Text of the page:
The 2012 audit also noted that receipts were not given to park patrons for collection of sports registrations, field rentals and fundraiser/donations collected. The report said daily deposits were sometimes mathematically inaccurate and had no supporting documentation. It also noted that cash was taken from concessions for purchasing supplies/food.
The auditor noted the same problems in 2011, saying that by not having proper internal controls over cash receipts “money could be misplaced or stolen.”
Credit card purchases were also called into question in 2012, with the auditor noting that bills were often paid late, resulting in interest charges, and that sales tax was made on numerous occasions despite the county being tax exempt.
“We shouldn’t have done that,” said Shryock. “We are trying to watch out for that, but sometimes [former finance officer] Rick [Waddle] let that fly through.”
The 2011 report noted issues with employee time cards, including that on eight occasions time sheets were not signed by the employer and/or employee, and that withholding authorization forms were not on file for all deductions.
Credit cards issues also surfaced in 2011, with the auditor saying only one of four credit cards tested had all receipts supporting charges to the cards.
One of the credit cards carried a balance for the entire fiscal year, the auditor said, and along with Creatine and AZO tabs, a credit card was used to purchase automotive epoxy by the parks department but was charged to inmate meals. Inmates were also provided with breakfast items that were charged despite only being authorized for lunches.
Another comments shows that one credit card bill was paid over the phone rather than by check.
The report also shows that “excessive amounts of drinks” were purchased and that charges made for inmate meals did not identify how many inmates were being fed an that the per-inmate amount was not exceeded.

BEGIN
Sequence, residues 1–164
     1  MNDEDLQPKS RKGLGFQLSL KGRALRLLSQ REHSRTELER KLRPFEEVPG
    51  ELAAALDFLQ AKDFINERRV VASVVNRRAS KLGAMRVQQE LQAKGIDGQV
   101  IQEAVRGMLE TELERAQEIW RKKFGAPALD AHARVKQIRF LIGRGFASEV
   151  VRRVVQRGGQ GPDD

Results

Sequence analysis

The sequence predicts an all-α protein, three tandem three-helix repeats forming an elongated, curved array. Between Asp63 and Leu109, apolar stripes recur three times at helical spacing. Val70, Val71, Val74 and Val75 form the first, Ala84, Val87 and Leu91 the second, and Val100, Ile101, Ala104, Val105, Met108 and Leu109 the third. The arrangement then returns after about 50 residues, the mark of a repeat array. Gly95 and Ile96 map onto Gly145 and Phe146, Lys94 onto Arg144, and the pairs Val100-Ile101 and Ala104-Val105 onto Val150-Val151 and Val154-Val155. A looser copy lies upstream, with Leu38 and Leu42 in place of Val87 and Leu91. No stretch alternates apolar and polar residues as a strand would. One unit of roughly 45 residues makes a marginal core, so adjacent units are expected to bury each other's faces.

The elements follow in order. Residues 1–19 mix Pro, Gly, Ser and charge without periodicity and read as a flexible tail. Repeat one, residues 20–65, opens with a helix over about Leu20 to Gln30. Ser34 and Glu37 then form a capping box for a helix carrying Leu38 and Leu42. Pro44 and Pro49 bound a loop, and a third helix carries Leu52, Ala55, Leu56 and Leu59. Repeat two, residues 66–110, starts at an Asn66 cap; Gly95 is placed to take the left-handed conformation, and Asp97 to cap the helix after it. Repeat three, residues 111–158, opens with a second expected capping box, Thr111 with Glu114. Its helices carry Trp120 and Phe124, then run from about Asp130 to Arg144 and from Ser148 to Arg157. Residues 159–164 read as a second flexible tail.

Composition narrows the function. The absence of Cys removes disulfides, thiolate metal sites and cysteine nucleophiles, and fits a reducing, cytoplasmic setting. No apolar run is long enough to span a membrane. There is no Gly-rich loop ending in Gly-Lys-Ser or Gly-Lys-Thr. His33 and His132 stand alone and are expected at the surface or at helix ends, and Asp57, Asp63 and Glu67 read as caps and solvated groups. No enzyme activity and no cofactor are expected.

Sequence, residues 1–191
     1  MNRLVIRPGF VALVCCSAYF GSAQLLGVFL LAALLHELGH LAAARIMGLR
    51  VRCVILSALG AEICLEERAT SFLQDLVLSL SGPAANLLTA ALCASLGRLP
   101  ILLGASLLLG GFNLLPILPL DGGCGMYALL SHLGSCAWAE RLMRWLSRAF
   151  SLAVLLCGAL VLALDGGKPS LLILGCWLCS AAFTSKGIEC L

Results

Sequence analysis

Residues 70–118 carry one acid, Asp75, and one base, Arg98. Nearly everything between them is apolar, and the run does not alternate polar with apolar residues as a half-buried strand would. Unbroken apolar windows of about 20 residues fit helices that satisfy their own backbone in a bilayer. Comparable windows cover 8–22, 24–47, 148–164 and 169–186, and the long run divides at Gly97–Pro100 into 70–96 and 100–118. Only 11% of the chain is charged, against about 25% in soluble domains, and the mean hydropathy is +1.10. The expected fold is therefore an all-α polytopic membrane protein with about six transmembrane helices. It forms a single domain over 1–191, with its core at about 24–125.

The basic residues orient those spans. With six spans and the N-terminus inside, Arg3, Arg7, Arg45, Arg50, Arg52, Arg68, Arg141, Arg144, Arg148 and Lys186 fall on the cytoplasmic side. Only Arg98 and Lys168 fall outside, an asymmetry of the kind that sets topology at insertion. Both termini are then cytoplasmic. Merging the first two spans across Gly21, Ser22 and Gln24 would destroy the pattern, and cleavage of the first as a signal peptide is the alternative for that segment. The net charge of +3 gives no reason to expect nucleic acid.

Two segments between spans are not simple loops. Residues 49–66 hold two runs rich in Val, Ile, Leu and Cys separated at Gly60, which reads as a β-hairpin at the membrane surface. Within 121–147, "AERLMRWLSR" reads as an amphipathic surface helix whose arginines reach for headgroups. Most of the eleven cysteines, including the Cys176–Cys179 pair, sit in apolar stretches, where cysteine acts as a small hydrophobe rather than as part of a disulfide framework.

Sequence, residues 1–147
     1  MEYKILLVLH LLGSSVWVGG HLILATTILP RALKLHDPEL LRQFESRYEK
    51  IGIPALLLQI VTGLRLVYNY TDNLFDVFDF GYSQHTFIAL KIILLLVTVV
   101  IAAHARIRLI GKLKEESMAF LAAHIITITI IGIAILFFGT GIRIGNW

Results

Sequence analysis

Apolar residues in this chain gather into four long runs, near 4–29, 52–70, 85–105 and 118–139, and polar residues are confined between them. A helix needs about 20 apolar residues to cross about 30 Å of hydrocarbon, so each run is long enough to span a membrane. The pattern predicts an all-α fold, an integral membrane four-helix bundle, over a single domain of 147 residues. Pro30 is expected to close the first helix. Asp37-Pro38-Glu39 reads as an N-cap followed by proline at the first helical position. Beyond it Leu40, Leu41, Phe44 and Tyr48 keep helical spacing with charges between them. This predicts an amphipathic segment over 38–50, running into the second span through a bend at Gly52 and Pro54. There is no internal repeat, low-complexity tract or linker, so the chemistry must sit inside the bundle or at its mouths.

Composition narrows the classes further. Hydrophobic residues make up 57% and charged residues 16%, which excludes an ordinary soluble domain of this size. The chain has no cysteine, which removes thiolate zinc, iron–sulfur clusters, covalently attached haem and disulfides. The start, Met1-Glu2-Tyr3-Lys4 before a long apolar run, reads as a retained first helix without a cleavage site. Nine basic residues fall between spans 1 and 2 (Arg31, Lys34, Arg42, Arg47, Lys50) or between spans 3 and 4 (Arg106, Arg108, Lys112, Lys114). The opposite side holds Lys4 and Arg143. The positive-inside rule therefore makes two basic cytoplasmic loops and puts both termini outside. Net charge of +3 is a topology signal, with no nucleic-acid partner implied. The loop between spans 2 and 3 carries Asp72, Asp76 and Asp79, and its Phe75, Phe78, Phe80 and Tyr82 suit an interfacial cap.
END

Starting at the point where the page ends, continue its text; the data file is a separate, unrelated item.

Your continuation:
The 2011 audit also pointed out that a log of receipts collected at the judge’s office was maintained for some receipts, but not all. “This log never agreed back to the daily deposit to ensure all funds were properly deposit,” the report said.
All of findings included lengthy suggestions for fixing the problems, suggestions Shryock said aren’t necessarily the only way to do things.
“They are in Frankfort trying to figure out how everyone should do things,” he said. “But when you get in the trenches, our budget doesn’t permit us to hire five people to take care of all of this.
“If you do a cost to benefits analysis, you’d spend more money catching the nickel and dime things and cost taxpayers more in the long run.
“We are administering as efficiently and cost effectively as we can. We’re not General Motors and can’t do everything they suggest, but we try to do the best we can.”
On Friday, a spokesperson for the auditor’s office noted that it is not an enforcement office but does try to assess the amount of risk in the way government bodies function.
“We look at the controls and processes in place,” the spokesperson said. “Those processes are geared toward minimizing risk and when you have multiple findings, that speaks to a heightened sense of risk.